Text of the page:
I will admit up front that I have never been to a CrossFit gym. Before you start hurling barbells at me, give me a chance to explain why yoga could be so great for you, in addition to your CrossFit routine.
As CrossFitters, or anyone who does regular lifting, I admire you. There was a time once when I desperately wanted to be one of you, and I still wish I could step into a gym and do a tenth of what you can. While my chronic health issues dictate a much gentler routine for my body, there are some universal benefits of yoga that are good for anyone, whether you have an existing exercise routine or not.
I’ve been doing yoga for more than five years now, but I still wouldn’t call myself a “yogi.” I haven’t ever pulled off a headstand (see above), and I can’t swing some of those elaborate balance poses that look like only Cirque du Soleil pros could manage them. But I have gained enormous health benefits from my years of being a dedicated yoga amateur, and I think you would see some pretty great effects, too.
The best part is that you don’t have to be flexible, you don’t have to be an expert, you don’t have to go to a yoga class, and you don’t have to wear yoga pants. Basically, every excuse that you could have is no reason not to try yoga. I know, because I used to throw out every reason in the book. But I know now that it doesn’t matter if you can’t touch your toes, because after years of doing yoga, while I’m a lot more flexible than I used to be, I still can’t bend over and reach them. Yoga isn’t about perfection, but here’s why I think it could take your CrossFit lifestyle to the next level:
When you’re lifting heavy things, and putting yourself through the total body workout that CrossFit provides, you’re essentially powering your machine from your core. Sure, many different workout programs target “core strength,” but I can’t imagine one where it’s more necessary than CrossFit, especially if you’re lifting things half your size (or more!). Whether you’re doing a basic cat, bridge, or upward facing dog pose, or any of the various other yoga asanas, you’re going to need core strength. If you do yoga on a regular basis, you’re going to improve core strength. For CrossFitters, this is a win/win.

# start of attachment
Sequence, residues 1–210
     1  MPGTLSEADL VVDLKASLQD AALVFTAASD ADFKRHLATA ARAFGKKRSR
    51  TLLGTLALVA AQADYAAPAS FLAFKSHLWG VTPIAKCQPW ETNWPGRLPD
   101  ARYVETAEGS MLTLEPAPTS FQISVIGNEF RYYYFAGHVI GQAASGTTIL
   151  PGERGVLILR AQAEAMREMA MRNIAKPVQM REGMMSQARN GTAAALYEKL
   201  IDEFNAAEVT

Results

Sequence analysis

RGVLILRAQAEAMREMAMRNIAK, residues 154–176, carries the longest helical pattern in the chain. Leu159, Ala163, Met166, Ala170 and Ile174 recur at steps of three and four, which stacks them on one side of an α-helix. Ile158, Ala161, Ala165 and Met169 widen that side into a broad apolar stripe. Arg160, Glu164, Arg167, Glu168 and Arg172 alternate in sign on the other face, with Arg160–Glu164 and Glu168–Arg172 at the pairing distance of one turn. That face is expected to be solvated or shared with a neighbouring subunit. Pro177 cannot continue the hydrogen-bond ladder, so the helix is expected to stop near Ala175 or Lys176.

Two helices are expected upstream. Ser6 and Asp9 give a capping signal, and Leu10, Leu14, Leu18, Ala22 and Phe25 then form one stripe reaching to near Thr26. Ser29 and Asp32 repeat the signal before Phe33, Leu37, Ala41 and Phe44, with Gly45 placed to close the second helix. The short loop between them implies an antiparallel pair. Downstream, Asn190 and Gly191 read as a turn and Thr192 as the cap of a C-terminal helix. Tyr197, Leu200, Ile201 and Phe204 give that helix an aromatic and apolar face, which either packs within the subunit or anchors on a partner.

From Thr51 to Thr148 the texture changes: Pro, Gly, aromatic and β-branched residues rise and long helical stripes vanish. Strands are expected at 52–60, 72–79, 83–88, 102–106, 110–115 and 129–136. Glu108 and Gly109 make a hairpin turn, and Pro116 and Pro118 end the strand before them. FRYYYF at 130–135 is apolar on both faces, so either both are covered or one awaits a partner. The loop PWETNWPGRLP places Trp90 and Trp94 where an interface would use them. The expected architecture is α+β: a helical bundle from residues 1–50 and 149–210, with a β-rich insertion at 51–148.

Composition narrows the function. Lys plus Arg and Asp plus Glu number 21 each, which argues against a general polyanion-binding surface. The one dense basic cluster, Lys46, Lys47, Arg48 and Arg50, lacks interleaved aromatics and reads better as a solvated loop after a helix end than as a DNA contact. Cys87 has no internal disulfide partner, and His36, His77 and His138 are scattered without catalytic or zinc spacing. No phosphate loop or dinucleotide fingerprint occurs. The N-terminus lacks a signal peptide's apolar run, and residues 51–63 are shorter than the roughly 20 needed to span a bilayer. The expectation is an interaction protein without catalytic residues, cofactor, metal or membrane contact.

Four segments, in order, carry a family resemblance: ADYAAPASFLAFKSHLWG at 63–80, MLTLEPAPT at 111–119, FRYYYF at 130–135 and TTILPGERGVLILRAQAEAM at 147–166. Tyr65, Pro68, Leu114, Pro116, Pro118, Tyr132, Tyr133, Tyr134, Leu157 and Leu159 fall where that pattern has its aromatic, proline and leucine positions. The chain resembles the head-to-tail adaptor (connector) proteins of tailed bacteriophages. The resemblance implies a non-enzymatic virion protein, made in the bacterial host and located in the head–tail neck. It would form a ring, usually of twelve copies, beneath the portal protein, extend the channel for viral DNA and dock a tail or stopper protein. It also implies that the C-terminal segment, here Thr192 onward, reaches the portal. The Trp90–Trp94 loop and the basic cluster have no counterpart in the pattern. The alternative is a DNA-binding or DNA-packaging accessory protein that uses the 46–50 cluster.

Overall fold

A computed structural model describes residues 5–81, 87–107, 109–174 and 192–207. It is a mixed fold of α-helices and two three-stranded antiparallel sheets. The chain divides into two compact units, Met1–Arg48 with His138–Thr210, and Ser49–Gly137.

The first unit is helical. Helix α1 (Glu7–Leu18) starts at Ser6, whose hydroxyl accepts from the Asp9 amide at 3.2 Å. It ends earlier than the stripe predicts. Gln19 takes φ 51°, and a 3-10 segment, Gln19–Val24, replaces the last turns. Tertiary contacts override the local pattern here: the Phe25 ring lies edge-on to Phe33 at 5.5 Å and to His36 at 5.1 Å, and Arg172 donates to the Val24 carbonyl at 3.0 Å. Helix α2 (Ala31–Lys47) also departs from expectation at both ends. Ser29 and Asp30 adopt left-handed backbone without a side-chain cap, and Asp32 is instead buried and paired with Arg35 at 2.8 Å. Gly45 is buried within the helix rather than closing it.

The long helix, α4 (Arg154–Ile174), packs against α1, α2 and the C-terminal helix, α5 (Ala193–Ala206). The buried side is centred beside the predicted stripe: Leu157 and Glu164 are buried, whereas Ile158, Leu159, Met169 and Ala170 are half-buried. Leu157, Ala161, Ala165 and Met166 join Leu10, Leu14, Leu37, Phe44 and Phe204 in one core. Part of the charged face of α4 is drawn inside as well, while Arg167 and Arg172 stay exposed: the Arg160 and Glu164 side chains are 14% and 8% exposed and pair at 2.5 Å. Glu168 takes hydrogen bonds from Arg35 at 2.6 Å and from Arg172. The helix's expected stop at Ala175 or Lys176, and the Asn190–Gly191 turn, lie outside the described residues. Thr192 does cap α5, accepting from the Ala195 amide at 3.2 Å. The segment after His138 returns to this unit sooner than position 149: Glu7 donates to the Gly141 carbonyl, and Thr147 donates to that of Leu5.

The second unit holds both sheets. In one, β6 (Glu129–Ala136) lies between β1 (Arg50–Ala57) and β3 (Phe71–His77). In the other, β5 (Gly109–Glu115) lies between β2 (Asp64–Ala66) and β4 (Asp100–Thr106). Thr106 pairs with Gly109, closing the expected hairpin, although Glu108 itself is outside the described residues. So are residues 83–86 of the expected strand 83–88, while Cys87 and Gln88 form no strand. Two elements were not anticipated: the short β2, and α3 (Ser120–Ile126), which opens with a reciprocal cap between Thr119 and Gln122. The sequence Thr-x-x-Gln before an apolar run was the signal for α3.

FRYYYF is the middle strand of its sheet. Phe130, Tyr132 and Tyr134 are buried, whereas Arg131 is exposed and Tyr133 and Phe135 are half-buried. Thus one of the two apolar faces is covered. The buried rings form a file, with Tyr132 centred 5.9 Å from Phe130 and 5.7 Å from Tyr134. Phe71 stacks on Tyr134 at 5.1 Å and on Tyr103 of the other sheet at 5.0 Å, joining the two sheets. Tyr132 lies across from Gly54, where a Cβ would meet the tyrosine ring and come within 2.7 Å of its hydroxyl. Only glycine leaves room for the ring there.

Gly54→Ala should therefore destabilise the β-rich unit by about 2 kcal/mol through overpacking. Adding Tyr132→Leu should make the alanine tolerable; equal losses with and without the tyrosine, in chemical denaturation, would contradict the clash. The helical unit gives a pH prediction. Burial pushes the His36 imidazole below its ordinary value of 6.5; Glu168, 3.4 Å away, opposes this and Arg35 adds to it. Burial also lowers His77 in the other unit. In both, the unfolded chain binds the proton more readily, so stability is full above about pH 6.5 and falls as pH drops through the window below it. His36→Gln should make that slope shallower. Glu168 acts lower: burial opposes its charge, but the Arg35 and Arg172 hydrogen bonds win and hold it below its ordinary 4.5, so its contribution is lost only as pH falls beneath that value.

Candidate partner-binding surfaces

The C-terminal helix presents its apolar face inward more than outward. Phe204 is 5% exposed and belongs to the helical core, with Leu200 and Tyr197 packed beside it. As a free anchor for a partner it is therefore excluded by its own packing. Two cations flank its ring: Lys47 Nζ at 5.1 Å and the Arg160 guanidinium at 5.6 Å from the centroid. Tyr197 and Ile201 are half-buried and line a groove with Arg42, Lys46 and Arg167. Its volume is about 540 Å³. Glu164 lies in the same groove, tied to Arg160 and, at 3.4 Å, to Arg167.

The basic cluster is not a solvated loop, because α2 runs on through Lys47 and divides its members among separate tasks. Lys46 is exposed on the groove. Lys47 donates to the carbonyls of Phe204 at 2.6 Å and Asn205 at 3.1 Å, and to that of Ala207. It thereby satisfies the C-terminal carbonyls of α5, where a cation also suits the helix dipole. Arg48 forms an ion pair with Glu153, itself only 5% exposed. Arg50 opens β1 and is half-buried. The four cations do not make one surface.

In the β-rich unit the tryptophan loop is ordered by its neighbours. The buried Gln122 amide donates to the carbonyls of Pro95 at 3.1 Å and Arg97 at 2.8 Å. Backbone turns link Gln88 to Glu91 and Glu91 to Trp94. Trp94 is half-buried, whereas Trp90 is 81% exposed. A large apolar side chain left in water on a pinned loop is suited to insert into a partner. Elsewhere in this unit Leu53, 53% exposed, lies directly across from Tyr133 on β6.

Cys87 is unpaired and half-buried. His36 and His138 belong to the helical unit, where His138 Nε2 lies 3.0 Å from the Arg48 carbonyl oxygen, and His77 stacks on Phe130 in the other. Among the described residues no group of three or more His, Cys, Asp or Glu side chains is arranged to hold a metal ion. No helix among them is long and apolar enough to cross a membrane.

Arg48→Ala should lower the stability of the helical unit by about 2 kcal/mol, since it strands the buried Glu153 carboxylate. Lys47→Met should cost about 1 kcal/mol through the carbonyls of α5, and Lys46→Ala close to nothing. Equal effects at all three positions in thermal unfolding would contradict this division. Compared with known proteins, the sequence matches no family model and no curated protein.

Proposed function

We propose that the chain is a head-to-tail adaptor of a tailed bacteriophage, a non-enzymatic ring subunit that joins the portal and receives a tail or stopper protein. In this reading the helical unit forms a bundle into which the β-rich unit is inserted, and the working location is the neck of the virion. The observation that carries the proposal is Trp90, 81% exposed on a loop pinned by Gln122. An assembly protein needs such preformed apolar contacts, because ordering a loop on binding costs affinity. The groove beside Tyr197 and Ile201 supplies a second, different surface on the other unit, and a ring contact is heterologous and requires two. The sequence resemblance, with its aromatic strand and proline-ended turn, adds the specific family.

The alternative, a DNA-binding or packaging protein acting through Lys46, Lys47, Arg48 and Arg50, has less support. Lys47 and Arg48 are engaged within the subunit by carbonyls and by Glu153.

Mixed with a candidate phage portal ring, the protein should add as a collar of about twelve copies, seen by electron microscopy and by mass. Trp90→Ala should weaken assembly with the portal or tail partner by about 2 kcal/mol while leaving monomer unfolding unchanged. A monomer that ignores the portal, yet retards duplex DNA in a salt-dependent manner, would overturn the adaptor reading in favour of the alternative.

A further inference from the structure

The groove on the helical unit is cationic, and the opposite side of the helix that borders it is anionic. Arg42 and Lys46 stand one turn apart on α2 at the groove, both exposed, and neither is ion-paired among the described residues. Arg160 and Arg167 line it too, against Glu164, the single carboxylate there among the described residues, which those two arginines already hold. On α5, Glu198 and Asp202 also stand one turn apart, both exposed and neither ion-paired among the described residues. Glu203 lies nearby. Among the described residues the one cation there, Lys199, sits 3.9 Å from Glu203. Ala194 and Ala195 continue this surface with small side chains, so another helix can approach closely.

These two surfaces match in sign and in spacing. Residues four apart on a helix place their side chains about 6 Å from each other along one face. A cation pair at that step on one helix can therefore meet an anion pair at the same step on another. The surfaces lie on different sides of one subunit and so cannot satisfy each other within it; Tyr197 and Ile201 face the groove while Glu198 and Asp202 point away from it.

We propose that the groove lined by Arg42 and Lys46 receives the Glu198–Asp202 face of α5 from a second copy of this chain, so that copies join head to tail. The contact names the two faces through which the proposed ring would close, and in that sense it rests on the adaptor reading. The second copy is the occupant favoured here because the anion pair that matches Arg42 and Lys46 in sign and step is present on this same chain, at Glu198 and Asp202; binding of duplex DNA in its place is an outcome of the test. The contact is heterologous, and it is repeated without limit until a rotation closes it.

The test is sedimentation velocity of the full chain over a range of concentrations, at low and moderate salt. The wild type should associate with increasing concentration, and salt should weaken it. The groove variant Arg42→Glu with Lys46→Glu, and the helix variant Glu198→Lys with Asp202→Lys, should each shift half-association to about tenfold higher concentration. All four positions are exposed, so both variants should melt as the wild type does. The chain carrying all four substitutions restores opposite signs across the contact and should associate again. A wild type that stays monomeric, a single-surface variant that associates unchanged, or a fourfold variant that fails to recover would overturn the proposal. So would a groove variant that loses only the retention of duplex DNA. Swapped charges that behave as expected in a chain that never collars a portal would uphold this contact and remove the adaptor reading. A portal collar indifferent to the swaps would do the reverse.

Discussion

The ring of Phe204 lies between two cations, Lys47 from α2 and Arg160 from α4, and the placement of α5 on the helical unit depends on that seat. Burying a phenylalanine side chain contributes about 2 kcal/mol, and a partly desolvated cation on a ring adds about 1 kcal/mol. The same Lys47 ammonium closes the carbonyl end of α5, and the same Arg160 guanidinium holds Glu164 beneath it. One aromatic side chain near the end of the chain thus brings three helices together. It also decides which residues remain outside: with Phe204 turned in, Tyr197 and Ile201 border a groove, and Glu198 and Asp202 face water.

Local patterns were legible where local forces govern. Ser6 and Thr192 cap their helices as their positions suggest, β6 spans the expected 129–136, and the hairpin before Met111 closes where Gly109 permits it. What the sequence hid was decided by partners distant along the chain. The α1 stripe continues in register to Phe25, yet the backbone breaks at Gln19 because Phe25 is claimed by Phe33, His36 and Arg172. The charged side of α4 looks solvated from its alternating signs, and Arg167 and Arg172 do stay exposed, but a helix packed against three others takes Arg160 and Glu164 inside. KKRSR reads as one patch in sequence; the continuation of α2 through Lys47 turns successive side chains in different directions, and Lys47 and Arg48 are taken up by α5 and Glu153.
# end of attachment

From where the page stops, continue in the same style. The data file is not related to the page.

Lifting heavy things and participating in intensive workouts can often mean there’s more probability for injury, but your muscles and entire body will be less injury prone when it’s flexible. As someone who has dealt with flexibility issues in the form of fibromyalgia and arthritis, I can tell you that my muscles and joints come about as stiff as they get. A regular yoga routine has improved my flexibility so much that I can roll out of bed each morning and forget that I even have fibromyalgia at all. If I fall out of my routine, I go back to my aching, creaking, sore self who feels about 40 years older than I am. When you add yoga in to your CrossFit routine, you’re actually just empowering your body to take itself further into the realm of strength training and power lifting.
Who doesn’t need some extra stress relief? But beyond that, yoga helps to train your mind to focus, to be calm(er), to get in tune with every muscle in your body. With that kind of communication between your brain and your body, your workout routine can’t help but improve, not to mention multiple other areas of your life. A fair amount of yoga focuses on learning how to breathe, and while we all know how to breathe, there are effective and ineffective ways to go about it. Just think about how much better your WOD times could be with the ability to utilize oxygen better during workouts, extending your tolerance and longevity? By being more tuned into your muscles, you could improve your lifting form, as well as your ability to lift (heavier) things.
The benefits of yoga don’t show up overnight, but even with regular participation just a few times a week, you could see some dramatic improvements in your overall fitness, not to mention your whole body wellness. Yoga has also been shown to improve sleep quality, mental health, and even chronic disorders of the digestive system, like IBS, just to name a few.
Aimee McNew, MNT, Certified Nutritionist